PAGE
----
Also it must he mentioned that the use of logarithms in cryptography is not exactly new. One instance of such a cipher is the so-called holocryptic cipher devised some seventy years ago by Pliny Earle Chase, a mathematician. This cipher may later he described in these columns.


The list of solvers of the January 23 ciphers is not as lengthy as might he. Somehow these ciphers must have stumped the fans.

No. 3, the ten-dollar prize cipher by Hohart Hollis, failed to get a rise from the audience. And likewise answers to No. 2, a sight reading cipher to any one in the secret, and No. 5, by Mrs. E. J. Hyatt, were conspicuously absent.

Mr. Winsor, who was successful with No. 1, the Tyler-to-Poe cipher, submits the following query:

I see that Mr. Bellamy succeeded in solving No. 4 of October 31. My hat is off to him on that. Might it be of interest to print his method of attack?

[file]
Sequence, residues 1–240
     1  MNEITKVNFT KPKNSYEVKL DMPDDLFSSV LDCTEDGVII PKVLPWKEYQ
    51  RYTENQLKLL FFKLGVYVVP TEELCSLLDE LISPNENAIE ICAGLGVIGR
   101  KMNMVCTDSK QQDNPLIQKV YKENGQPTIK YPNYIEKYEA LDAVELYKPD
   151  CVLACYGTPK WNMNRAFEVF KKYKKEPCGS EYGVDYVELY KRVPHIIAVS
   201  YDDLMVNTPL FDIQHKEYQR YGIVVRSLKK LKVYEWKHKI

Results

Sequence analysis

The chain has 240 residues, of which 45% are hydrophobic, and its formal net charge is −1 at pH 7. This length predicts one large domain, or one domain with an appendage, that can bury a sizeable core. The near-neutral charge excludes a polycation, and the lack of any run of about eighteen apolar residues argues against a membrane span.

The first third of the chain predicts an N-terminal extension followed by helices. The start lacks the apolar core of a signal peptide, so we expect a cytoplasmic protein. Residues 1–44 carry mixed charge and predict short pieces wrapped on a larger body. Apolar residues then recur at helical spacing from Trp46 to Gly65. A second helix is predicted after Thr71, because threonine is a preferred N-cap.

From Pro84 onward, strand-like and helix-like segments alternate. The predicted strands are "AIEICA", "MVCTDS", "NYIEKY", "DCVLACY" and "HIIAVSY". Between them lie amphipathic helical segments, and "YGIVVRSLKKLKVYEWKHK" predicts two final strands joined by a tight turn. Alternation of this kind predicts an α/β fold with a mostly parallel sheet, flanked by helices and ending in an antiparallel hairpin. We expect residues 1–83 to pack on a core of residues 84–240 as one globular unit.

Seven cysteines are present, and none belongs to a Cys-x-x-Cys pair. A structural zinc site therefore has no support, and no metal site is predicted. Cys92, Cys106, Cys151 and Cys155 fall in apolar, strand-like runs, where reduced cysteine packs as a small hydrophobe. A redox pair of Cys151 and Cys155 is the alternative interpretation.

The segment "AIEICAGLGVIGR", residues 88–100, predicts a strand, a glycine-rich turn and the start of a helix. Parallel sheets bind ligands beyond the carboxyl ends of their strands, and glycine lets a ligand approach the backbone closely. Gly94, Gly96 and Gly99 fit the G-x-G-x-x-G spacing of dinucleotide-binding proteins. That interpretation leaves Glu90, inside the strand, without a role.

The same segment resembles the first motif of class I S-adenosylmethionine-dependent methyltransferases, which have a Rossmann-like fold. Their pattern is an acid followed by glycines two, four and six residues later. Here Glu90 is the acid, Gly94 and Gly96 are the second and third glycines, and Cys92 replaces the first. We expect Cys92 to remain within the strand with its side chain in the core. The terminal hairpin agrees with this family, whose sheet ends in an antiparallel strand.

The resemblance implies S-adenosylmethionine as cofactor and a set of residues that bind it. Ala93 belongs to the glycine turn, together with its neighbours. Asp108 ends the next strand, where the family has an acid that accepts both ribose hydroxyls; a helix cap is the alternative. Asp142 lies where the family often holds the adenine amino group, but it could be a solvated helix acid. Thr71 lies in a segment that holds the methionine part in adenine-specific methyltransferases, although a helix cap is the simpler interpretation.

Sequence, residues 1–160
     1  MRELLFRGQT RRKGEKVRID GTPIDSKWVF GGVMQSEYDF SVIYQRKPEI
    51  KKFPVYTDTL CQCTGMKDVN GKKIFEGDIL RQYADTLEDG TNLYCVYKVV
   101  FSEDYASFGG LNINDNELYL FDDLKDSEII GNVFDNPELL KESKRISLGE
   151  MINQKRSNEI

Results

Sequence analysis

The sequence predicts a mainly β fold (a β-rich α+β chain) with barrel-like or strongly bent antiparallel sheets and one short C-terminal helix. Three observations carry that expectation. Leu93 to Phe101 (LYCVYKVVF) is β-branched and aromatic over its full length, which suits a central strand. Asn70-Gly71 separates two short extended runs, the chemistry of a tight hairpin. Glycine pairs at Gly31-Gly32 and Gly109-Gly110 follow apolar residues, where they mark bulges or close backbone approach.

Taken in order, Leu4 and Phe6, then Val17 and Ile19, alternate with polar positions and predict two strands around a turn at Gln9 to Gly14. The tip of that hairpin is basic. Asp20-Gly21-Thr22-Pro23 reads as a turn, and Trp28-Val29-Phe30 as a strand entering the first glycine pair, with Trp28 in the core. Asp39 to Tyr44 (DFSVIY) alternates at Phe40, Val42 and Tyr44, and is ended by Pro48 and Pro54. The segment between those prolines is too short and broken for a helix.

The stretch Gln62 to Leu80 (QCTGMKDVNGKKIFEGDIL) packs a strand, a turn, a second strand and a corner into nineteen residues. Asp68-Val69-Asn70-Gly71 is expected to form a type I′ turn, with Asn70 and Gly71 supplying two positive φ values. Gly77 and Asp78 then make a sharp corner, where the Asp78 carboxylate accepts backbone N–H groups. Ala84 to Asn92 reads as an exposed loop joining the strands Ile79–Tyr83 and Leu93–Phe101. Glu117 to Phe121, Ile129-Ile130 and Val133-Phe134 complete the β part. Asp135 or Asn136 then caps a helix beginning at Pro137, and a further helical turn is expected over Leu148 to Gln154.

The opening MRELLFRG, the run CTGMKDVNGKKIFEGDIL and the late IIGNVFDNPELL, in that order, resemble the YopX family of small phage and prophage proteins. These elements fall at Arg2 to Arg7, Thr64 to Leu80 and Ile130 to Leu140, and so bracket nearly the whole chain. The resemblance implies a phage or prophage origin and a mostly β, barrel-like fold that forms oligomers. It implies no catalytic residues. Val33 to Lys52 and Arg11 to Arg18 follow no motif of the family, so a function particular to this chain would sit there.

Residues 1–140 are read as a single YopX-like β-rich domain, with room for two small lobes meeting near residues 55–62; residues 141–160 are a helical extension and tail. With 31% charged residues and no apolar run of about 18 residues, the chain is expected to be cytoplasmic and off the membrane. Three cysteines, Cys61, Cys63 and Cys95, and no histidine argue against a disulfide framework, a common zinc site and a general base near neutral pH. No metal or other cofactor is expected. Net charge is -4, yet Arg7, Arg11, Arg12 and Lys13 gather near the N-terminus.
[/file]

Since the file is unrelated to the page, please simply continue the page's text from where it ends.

Mr. Bellamy had this to say about the solution of the cipher in question:

No. 4 was easy, as W would not be E or a space, so is a number or digit. Arranged by frequencies, the word WASHINGTON stands out as a key; not a good word as N=either 6 or 0, making WN—either J or P, and AN=either T or Z. Still a good one to sharpen one's wits on.

Mr. Weinert also submits a question:

This is the first time I have seen FLYNN'S, and also the first cipher I have ever succeeded in solving. The others in this issue are 'way over my head. Can you recommend a book on ciphers?

A canvass of publishers reveals the startling fact that there is not a single work on cryptography in print in the English language. Any new books on the subject, or new editions of older works, will be announced here when published.

Solutions to the February 20 Vigenère ciphers are, at this writing, arriving in numbers and in kind that portend a generous and interesting list of solvers for publication in the next issue of this department in FLYNN'S for May 22.